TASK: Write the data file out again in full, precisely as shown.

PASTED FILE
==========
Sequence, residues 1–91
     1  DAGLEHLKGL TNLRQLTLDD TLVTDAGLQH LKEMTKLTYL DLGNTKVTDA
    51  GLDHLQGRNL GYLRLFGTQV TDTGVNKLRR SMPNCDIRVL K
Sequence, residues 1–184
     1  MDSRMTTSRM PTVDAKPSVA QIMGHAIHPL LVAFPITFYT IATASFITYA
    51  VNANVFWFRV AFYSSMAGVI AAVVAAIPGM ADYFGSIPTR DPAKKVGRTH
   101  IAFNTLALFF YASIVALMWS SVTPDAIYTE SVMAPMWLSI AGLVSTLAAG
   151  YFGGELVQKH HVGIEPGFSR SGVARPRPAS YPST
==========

Sequence, residues 1–91
     1  DAGLEHLKGL TNLRQLTLDD TLVTDAGLQH LKEMTKLTYL DLGNTKVTDA
    51  GLDHLQGRNL GYLRLFGTQV TDTGVNKLRR SMPNCDIRVL K
Sequence, residues 1–184
     1  MDSRMTTSRM PTVDAKPSVA QIMGHAIHPL LVAFPITFYT IATASFITYA
    51  VNANVFWFRV AFYSSMAGVI AAVVAAIPGM ADYFGSIPTR DPAKKVGRTH
   101  IAFNTLALFF YASIVALMWS SVTPDAIYTE SVMAPMWLSI AGLVSTLAAG
   151  YFGGELVQKH HVGIEPGFSR SGVARPRPAS YPST